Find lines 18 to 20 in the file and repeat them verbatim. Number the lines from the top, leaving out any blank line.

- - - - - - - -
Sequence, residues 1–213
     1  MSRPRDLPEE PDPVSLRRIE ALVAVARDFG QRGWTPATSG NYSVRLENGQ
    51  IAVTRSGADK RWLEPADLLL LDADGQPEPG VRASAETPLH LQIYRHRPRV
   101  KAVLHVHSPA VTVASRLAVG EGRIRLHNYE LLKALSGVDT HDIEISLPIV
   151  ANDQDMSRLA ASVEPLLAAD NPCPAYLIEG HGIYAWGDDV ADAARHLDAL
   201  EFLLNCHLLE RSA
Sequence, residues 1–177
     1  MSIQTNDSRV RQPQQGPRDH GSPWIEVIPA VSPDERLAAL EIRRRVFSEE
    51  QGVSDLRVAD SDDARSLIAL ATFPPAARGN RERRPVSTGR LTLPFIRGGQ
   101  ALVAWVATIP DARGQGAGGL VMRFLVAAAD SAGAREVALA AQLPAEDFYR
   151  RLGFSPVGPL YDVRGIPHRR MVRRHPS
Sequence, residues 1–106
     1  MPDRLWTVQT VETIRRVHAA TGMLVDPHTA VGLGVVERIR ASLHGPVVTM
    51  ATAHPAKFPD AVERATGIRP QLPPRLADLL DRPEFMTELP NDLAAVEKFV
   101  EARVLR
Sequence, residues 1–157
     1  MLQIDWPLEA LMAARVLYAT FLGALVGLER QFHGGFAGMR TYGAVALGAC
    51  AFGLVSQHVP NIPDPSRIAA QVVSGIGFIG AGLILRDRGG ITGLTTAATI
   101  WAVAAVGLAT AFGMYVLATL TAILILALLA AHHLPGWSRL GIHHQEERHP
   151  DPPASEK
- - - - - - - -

    51  AFGLVSQHVP NIPDPSRIAA QVVSGIGFIG AGLILRDRGG ITGLTTAATI
   101  WAVAAVGLAT AFGMYVLATL TAILILALLA AHHLPGWSRL GIHHQEERHP
   151  DPPASEK